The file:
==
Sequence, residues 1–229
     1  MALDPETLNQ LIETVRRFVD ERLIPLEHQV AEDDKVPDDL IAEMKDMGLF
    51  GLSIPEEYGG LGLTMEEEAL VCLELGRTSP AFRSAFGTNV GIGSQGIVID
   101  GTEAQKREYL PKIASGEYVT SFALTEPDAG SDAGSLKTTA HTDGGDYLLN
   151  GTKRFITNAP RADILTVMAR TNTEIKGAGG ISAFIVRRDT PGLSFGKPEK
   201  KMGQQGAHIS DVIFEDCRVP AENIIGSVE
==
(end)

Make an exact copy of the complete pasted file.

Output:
Sequence, residues 1–229
     1  MALDPETLNQ LIETVRRFVD ERLIPLEHQV AEDDKVPDDL IAEMKDMGLF
    51  GLSIPEEYGG LGLTMEEEAL VCLELGRTSP AFRSAFGTNV GIGSQGIVID
   101  GTEAQKREYL PKIASGEYVT SFALTEPDAG SDAGSLKTTA HTDGGDYLLN
   151  GTKRFITNAP RADILTVMAR TNTEIKGAGG ISAFIVRRDT PGLSFGKPEK
   201  KMGQQGAHIS DVIFEDCRVP AENIIGSVE